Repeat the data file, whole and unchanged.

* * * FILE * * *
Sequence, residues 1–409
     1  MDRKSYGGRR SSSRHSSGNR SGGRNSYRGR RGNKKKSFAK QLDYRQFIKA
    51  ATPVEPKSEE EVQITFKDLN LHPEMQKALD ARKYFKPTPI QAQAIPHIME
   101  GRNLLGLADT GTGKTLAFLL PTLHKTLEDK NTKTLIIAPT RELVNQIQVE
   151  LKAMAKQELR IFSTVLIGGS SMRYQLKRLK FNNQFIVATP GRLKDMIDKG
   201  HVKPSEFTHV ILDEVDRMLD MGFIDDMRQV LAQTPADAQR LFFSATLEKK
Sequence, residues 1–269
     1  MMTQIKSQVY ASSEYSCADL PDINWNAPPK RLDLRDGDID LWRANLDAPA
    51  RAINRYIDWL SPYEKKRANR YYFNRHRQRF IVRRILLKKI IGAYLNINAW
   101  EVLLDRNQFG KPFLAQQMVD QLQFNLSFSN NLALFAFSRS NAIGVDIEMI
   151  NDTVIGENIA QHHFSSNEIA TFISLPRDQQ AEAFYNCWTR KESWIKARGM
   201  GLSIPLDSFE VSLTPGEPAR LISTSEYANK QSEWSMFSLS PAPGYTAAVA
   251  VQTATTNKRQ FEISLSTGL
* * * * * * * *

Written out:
Sequence, residues 1–409
     1  MDRKSYGGRR SSSRHSSGNR SGGRNSYRGR RGNKKKSFAK QLDYRQFIKA
    51  ATPVEPKSEE EVQITFKDLN LHPEMQKALD ARKYFKPTPI QAQAIPHIME
   101  GRNLLGLADT GTGKTLAFLL PTLHKTLEDK NTKTLIIAPT RELVNQIQVE
   151  LKAMAKQELR IFSTVLIGGS SMRYQLKRLK FNNQFIVATP GRLKDMIDKG
   201  HVKPSEFTHV ILDEVDRMLD MGFIDDMRQV LAQTPADAQR LFFSATLEKK
Sequence, residues 1–269
     1  MMTQIKSQVY ASSEYSCADL PDINWNAPPK RLDLRDGDID LWRANLDAPA
    51  RAINRYIDWL SPYEKKRANR YYFNRHRQRF IVRRILLKKI IGAYLNINAW
   101  EVLLDRNQFG KPFLAQQMVD QLQFNLSFSN NLALFAFSRS NAIGVDIEMI
   151  NDTVIGENIA QHHFSSNEIA TFISLPRDQQ AEAFYNCWTR KESWIKARGM
   201  GLSIPLDSFE VSLTPGEPAR LISTSEYANK QSEWSMFSLS PAPGYTAAVA
   251  VQTATTNKRQ FEISLSTGL